A Virtual Private Server (VPS) uses virtualisation software to split up a physical server into multiple independent environments that can run separate tasks.
Previously servers were given dedicated jobs on hardware that often had extra resources such as ram, disk and CPU left over after it runs it's own tasks, and also separate power supplies per machine mean a higher power draw.
An example of this previously would have been a file share server, a mail server, and an account server. With VPS all of these servers can run virtually requiring no separate hardware or wasted hardware resources.
With VPS, you can assign dedicated resources to each virtual server, such as ram, disk and CPU cores. This pool of CPU and memory per machine stops other virtual servers on the host machine are not able to slow your virtual server down. Dedicated resources can be adjusted, and with a few clicks, you can add more disk space, RAM and CPU as needed.
With VPS and cloud hosting, it means that effective services today are divided into several virtual servers that operate independently, each with its own operating system, often split between different networks and data centres.
VPS hosting is usually chosen by website operators who have an average level of traffic that require more resources and faster loading times than traditional shared hosting plan but still do not require the resources and expense of dedicated servers.
Upgrading from a shared plan to a virtual private server will improve the speed and performance of your website. Your site will be more responsive because you don't share resources, and your site can be faster and more efficient.
Although separation and intrusion prevention on physical machines on your PC is not a significant problem, VPS hosts have security measures in place to ensure the isolation of its customer's servers.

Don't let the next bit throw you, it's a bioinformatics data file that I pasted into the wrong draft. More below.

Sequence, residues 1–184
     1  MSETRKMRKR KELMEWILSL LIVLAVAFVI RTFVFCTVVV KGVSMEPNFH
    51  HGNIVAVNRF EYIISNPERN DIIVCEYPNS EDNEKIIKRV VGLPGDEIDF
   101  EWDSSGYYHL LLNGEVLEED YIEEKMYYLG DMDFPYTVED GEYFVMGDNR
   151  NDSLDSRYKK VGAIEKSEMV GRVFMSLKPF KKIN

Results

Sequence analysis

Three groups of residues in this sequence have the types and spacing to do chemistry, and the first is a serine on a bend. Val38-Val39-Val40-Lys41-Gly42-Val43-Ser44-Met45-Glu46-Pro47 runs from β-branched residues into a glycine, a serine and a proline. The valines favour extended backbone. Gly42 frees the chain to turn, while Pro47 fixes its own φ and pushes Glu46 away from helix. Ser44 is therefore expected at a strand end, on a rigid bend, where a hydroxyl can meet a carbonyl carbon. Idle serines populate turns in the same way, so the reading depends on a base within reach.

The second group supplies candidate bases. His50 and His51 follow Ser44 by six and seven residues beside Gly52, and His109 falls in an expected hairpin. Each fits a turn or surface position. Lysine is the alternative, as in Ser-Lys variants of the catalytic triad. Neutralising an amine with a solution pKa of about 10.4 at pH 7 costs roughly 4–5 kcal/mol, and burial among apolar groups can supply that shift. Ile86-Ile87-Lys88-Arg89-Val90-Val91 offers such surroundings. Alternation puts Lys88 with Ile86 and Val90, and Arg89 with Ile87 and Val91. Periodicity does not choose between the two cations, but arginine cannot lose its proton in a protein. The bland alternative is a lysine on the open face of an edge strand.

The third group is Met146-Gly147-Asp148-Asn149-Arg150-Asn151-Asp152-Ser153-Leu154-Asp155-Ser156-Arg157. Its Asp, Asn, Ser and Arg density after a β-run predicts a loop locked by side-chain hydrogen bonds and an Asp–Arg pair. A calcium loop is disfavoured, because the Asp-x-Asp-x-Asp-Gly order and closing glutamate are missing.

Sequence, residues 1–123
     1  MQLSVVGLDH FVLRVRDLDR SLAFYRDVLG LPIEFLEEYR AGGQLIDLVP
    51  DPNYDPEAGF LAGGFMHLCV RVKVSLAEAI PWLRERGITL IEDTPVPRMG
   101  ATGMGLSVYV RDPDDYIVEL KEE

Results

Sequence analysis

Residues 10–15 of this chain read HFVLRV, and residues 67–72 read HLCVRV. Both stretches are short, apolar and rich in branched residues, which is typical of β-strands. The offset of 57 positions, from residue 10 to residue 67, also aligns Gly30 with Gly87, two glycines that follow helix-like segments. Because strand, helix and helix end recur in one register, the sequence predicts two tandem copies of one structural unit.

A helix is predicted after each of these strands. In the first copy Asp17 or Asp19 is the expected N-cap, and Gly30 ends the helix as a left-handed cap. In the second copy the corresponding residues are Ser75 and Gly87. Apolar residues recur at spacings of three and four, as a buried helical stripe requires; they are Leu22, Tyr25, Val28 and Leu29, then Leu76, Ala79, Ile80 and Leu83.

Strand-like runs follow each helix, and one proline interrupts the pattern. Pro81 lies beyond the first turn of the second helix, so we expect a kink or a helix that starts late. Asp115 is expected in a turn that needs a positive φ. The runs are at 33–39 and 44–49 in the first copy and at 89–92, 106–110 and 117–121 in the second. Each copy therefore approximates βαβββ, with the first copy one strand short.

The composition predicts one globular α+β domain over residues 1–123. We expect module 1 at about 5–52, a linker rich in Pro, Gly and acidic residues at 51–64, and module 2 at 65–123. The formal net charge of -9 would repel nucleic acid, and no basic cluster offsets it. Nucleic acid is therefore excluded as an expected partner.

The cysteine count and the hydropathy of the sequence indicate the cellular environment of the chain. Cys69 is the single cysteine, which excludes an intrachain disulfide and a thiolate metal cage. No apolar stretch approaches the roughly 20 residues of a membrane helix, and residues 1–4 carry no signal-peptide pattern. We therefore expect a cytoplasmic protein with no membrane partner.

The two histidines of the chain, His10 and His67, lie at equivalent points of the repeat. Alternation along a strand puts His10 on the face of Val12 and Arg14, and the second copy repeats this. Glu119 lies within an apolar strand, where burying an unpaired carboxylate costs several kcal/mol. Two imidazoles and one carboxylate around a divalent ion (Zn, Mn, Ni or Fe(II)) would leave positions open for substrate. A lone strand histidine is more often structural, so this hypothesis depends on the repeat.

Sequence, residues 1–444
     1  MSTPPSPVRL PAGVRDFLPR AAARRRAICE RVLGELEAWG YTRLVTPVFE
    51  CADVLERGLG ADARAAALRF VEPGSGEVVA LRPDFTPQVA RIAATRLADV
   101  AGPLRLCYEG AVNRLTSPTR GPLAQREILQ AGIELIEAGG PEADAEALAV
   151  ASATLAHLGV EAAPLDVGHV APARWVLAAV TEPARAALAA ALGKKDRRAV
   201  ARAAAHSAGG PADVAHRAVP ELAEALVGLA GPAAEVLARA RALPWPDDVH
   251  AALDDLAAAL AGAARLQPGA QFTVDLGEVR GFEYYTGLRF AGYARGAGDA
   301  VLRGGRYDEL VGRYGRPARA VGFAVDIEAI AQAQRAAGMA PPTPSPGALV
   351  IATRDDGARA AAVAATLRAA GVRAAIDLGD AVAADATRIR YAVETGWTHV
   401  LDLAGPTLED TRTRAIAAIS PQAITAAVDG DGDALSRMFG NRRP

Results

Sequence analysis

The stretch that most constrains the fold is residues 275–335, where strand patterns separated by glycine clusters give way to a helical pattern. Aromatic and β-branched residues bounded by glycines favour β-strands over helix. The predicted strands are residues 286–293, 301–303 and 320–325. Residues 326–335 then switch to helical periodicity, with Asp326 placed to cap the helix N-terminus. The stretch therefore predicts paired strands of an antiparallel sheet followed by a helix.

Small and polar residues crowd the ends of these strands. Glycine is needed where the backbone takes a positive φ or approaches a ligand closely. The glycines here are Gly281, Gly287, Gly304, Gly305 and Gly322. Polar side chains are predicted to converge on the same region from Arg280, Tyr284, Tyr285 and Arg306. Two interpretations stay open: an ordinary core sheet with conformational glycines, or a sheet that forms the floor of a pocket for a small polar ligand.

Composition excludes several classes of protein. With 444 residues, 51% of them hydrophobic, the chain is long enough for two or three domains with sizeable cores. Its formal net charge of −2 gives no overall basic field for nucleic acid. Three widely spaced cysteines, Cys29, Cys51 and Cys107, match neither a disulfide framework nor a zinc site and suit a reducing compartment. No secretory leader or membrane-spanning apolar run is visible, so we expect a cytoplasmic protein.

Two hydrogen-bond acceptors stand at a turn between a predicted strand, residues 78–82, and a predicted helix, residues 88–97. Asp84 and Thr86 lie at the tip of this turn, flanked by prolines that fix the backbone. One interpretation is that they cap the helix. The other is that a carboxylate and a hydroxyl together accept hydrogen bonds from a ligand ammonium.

Hosting providers that offer VPS hosting have physical servers that contain multiple virtual machines. Since you only use a portion of the resources on each VM, many virtual servers are often run from the same dedicated server.
Other modern benefits to VPS hosting is the ability to migrate to another host server if the server suffers a hardware/network issue. A Virtual server can be live swapped (no downtime), or cold swapped (a more prolonged process where some hosts require downtime) meaning a better uptime for your website.
A hypervisor, a virtual machine manager, is a program that lets you set up virtual private servers. VPS hosting providers rely on hypervisors to abstract resources from physical servers and provide customers with an emulated server, a virtual machine (VM). These virtual machines run on a complete operating system and have limited access to all server resources such as memory, disk space and network connections. The virtual servers are isolated from each other and private, but a third party manages the host server (e.g. a hosting provider).
Although multiple tenants can share the same physical server on which the VMs are running, they are prevented from interacting with other tenants to whom they belong, thus creating a server that is logically private and not physically separate.
A VPS is an excellent way for small businesses to gain access to run any software without the cost of running a dedicated server.
One of the advantages of using a VPS over a traditional web hosting service is that subscribers have full access to the VPS operating system with unrestricted root and administrator privileges.
Most small businesses do not require the powers of a dedicated server, so a VPS is a good option if you are going beyond your traditional shared hosting options.